First published: 10.12.2008 

It has been almost 900 days since the Israeli soldier, Gilad Shalit, was captured by Palestinian armed factions from Gaza. To date, the ICRC’s attempts to visit him and to establish contact between him and his family have been unsuccessful. Pierre Wettach, the ICRC’s head of delegation in Israel and the occupied territories, explains.

What has the ICRC been doing to gain access to Gilad Shalit and find out what happened to him?

First, let me express once again our deep sympathy with Gilad Shalit’s family. Because ICRC delegates around the world are in regular contact with families in similar situations waiting for news of their loved ones, we are acutely aware of the distress and anger they feel.

Since Gilad Shalit was captured by Palestinian armed factions on 25 June 2006, we have been working hard to obtain access to him. We have repeatedly reminded those holding him of their legal oblig ations, calling on them both publicly and through our direct contacts to treat him humanely.

The ICRC has repeatedly asked to be allowed to visit Gilad Shalit and to convey family messages to him. In early November, the ICRC requested that Hamas forward to him thousands of letters and greeting cards from various organizations, individuals and schoolchildren. Unfortunately, all these requests have been refused.

Although our attempts have so far been unsuccessful, we will continue to do everything we can to obtain information on Gilad Shalit’s condition, to gain direct access to him, and to establish contact between him and his family. We would like to meet him in private to make an independent assessment of the conditions he is held in and of his state of health.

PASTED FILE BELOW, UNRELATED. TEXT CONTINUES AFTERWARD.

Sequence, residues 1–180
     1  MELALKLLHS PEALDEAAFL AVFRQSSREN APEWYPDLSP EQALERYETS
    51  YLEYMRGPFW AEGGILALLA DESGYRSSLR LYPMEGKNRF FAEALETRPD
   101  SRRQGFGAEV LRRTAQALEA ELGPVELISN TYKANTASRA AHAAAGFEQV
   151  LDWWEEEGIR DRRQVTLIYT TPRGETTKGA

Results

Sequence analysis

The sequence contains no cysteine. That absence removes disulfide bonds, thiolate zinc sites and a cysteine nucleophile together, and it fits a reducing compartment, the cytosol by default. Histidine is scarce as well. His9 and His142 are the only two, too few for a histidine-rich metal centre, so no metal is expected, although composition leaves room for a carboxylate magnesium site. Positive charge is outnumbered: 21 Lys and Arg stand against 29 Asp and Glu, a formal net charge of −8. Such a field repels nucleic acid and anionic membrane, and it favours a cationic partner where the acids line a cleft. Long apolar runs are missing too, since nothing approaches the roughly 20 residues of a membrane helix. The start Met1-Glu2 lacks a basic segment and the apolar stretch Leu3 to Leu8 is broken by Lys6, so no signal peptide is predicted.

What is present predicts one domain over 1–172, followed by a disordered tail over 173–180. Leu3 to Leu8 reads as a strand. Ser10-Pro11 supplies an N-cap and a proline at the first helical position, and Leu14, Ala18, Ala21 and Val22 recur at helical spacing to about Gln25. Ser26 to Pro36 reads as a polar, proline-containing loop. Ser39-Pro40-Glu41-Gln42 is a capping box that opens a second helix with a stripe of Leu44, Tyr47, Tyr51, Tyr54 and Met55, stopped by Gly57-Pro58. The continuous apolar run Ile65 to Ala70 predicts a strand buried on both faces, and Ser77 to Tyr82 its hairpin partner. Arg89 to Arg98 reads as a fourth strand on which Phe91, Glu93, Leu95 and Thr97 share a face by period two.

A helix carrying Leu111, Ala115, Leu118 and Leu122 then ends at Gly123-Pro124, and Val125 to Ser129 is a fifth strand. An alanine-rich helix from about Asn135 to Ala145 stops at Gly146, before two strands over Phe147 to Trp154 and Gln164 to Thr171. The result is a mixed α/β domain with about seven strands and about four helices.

What concrete action has the ICRC taken so far?

The issue is continuously raised at high-level meetings with Hamas. We are pursuing dialogue with all those concerned, as we believe that is essential for achieving progress. We have to talk to those who hold a person’s fate in their hands in order to be able to help that person.

We have also maintained regular contact with Gilad Shalit’s family. We inform them, and the authorities concerned, about what we have done. Last summer, his parents Noam and Aviva Shalit shared their thoughts and emotions in an interview that was posted on our website.

What problems does the ICRC face in its work on behalf of Gilad Shalit and other detainees and missing people?

There are limits to what we can do and to what international humanitarian law entitles us to do when it comes to visiting people in detention or to finding out what happened to people who go missing in an armed conflict.

In the case of Gilad Shalit, we deplore the fact that political considerations have outweighed humanitarian concerns, and respect for basic humanitarian principles, making it virtually impossible to help him or his family.

As a humanitarian organization, we have limited leverage in these matters. All we can do is to remind those who control the situation of their obligation to act in accordance with the spirit and letter of international humanitarian law. The parties to an armed conflict, be they States or non-State groups, have to uphold the law.